In this short essay, written for a symposium in the San Diego Law Review, Professor Daniel Solove examines the nothing to hide argument. When asked about government surveillance and data mining, many people respond by declaring: “I’ve got nothing to hide.” According to the nothing to hide argument, there is no threat to privacy unless the government uncovers unlawful activity, in which case a person has no legitimate justification to claim that it remain private. The nothing to hide argument and its variants are quite prevalent, and thus are worth addressing. In this essay, Solove critiques the nothing to hide argument and exposes its faulty underpinnings.

Lessons from Katrina on the Hudson and Reynolds’ Second Law

Previously, I wrote how the government’s poor response to hurricane Sandy is a manifestation of decades worth of mission creep:

Micromanagement of the citizenry, on the other hand, is something that should unequivocally be outside the control or influence of governments, if for no other reason than it detracts from the organization’s ability to successfully implement the things it is good at organizing and controlling. Mandating the size of a soda drink or what kind of light bulb citizens are allowed to screw into their light sockets – clear examples of mission creep. Updating and maintaining the power gird – that’s another thing the scale and cost of which would lend itself well to government control and organization. And in the case of Big Acts of Nature, supplying and distributing the very basic necessities – food, water, shelter – for a large number of displaced citizens is another task sized for government control and organization.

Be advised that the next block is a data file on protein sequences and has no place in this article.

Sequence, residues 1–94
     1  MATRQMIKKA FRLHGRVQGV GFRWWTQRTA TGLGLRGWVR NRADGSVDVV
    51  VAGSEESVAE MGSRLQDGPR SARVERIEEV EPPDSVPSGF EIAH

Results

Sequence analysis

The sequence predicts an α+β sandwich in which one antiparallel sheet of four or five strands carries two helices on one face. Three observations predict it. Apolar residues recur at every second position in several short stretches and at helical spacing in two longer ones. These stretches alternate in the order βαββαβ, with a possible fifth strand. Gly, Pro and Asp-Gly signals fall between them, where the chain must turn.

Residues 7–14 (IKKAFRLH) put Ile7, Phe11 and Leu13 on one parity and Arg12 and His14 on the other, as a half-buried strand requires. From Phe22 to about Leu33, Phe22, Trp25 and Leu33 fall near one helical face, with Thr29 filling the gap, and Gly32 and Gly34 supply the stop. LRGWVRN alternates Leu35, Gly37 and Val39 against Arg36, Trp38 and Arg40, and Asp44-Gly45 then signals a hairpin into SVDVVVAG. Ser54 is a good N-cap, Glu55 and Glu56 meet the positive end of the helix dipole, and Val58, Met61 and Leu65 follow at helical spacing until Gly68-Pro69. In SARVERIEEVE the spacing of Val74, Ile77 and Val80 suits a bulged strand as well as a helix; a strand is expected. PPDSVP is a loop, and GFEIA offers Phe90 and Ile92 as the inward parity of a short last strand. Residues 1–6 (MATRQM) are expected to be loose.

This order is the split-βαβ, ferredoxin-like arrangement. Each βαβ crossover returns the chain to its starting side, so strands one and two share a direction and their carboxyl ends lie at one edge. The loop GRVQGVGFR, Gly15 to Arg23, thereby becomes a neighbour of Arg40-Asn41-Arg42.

Turns out, this has now been codified in Reynolds’ Second Law:

A good general rule is that the more a government wants to run its citizens’ lives, the worse job it will do at the most basic tasks of government.

Like the laws of gravity and the speed of light, such laws will be followed. It’s that simple.

Clean Energy Not So Clean